Senior Bharatiya Janata Party (BJP) leader Sushma Swaraj on Friday asked the Congress-led UPA Government not to repeat the mistake of 1962 by taking the incursion of Chinese troops lightly, and urged for a thorough probe of the ground situation.
"The same thing happened in 1962, when repeatedly it was said that there is no problem and the slogans of Indo-China brothers were being said and then suddenly a war was fought. We just hope the government does not keep sleeping this time," Swaraj told the media at a press conference here.
" So, we want that whatever the government says, any explanation they give, should be after seeing and examining all the facts because the country is worried about this situation," she added.
The Sino-Indian War, also known as the Sino-Indian Border Conflict, was a war between China and India that occurred in 1962. A disputed Himalayan border was the main pretext for war, but other issues played a role. There had been a series of violent border incidents after the 1959 Tibetan uprising, when India had granted asylum to the Dalai Lama. India initiated a Forward Policy in which it placed outposts along the border, including several north of the 'McMahon Line', the eastern portion of a Line of Actual Control proclaimed by Chinese Premier Zhou Enlai in 1959.
Meanwhile, Defence Minister A.K. Antony today said that negotiations and consultations are on at various levels to find a peaceful solution to the Chinese incursion issue in Ladakh.
"Negotiations and consultations are going on at various levels to find out a peaceful solution to Chinese incursion issue," he told mediapersons outside the Parliament in New Delhi.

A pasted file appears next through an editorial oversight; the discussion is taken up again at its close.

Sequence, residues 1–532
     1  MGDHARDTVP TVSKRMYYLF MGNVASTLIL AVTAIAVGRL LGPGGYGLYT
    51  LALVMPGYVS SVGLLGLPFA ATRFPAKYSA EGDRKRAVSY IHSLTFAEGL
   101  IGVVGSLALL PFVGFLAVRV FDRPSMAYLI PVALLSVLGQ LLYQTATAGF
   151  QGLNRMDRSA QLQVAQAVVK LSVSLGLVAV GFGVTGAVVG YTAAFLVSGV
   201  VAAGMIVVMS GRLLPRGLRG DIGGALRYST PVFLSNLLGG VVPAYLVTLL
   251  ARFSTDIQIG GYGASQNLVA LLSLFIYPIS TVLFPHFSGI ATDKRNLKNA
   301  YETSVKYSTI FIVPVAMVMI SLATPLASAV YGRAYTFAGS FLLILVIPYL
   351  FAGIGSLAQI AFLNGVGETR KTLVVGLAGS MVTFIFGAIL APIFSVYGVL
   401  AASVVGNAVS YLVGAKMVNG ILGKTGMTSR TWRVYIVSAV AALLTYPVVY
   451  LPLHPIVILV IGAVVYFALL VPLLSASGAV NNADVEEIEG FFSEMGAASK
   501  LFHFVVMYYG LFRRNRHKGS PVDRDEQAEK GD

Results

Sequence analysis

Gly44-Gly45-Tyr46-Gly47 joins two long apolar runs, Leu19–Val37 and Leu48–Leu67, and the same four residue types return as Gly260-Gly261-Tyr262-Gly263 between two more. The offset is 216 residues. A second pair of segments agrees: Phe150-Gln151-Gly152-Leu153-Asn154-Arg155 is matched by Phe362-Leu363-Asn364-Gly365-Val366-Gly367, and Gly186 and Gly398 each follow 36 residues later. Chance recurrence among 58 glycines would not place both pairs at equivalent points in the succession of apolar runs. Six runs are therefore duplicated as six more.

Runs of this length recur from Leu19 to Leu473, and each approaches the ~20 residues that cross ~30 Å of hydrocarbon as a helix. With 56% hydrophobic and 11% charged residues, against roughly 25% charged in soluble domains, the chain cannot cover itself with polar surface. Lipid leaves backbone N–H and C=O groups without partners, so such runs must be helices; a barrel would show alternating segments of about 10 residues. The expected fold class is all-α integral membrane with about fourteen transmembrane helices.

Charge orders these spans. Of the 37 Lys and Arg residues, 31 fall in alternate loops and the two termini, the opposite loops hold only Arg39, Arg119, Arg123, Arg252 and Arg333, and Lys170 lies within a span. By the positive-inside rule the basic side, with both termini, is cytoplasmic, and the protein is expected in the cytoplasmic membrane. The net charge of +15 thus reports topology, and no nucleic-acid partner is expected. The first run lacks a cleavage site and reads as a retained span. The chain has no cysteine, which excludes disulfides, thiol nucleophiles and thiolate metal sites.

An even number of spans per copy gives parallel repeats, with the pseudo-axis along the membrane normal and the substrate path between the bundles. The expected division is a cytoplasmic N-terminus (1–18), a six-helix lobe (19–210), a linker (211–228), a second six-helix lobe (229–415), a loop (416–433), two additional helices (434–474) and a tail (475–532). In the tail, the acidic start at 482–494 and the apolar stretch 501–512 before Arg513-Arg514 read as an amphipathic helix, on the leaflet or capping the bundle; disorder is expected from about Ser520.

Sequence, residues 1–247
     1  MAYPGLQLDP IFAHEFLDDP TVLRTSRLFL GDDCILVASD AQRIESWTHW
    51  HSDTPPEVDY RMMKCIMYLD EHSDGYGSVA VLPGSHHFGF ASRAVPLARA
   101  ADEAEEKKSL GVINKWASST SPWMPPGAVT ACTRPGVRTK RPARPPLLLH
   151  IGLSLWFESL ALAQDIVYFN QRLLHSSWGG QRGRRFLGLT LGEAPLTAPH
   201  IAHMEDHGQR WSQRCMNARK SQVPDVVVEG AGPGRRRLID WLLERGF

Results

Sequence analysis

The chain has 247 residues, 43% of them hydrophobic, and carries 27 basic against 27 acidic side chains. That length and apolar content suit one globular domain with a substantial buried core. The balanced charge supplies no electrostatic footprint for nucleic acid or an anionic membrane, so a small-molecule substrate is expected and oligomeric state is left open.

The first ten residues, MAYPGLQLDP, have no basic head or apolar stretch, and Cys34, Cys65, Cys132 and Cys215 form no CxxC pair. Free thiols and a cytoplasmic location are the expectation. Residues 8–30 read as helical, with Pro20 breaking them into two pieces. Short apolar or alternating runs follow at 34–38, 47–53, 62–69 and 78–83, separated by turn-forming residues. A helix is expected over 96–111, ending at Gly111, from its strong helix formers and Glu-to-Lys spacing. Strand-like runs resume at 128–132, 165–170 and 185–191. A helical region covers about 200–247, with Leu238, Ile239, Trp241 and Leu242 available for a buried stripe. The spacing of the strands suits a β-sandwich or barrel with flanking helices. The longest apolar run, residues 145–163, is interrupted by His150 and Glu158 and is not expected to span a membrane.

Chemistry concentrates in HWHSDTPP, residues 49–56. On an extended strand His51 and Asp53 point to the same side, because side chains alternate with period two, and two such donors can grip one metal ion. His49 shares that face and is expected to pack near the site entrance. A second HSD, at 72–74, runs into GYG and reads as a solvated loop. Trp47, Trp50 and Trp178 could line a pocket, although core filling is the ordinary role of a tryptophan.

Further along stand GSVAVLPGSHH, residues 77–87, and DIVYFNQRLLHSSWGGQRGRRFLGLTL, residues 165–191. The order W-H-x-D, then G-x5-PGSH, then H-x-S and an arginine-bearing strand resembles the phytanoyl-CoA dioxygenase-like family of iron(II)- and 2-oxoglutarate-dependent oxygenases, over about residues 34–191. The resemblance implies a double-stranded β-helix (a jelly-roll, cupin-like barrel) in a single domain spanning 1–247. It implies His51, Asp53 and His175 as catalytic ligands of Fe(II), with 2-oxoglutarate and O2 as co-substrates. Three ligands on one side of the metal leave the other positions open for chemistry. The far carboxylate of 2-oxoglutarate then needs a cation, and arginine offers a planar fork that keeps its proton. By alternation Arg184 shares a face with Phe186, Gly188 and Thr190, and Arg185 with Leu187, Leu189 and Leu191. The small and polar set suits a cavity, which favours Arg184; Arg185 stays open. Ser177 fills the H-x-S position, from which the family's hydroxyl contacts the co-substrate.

Chief of Army Staff, General Bikram Singh, yesterday briefed the Defence Minister on the Chinese incursion in Ladakh and the situation along the border.
General Singh, who reviewed the situation in Jammu and Kashmir and the Ladakh area with military commanders in the Northern Command, is said to have discussed various issues related to the armed forces with formation commanders and interacted with troops deployed on the Line of Control and counter insurgency duties.
The Indian Army has given its inputs to the Government and the National Security Advisor-headed China Study Group, which is handling the present situation in Ladakh.
External Affairs Minister Salman Khurshid, who is to go ahead with his scheduled visit to China on May 9, has expressed confidence that New Delhi and Beijing will be able to resolve the situation arising after the incursion in Indian territory by Chinese forces.
Apparently taking a tough stance on the reported presence of Chinese troops ten kilometers inside Indian territory in the Ladakh region, India had earlier on Tuesday asked China to maintain the status-quo on the Line of Actual Control (LAC).
Referring to the incident, reported widely in the Indian media, Ministry of External Affairs (MEA) official spokesperson Syed Akbaruddin said during his regular said that 'New Delhi sees this as a face-to-face situation between border personnel of the two sides due to differences in their perception of the alignment of the Line of Actual Control'.
"We have therefore asked the Chinese side to maintain status-quo in this sector and by status-quo I mean status-quo prior to this incident. The term face-to-face situation is not something that we have conjured up; it is something that is referred to under 205 protocol for the implementation of CBMs in the military field along the Line of Actual Control in the India-China border areas," he added.
On April 15, a Platoon-strength contingent of China's People's Liberation Army (PLA) entered the Indian territory in Daulat Beg Oldi (DBO) sector in eastern Ladakh and erected a tented post, setting the stage for a face-off with Indian troops.
Daulat Beg Oldi, which is located in northernmost Ladakh, is a historic camp site. It is located on an ancient trade route connecting Ladakh to Yarkand in Xinjiang, China. (ANI)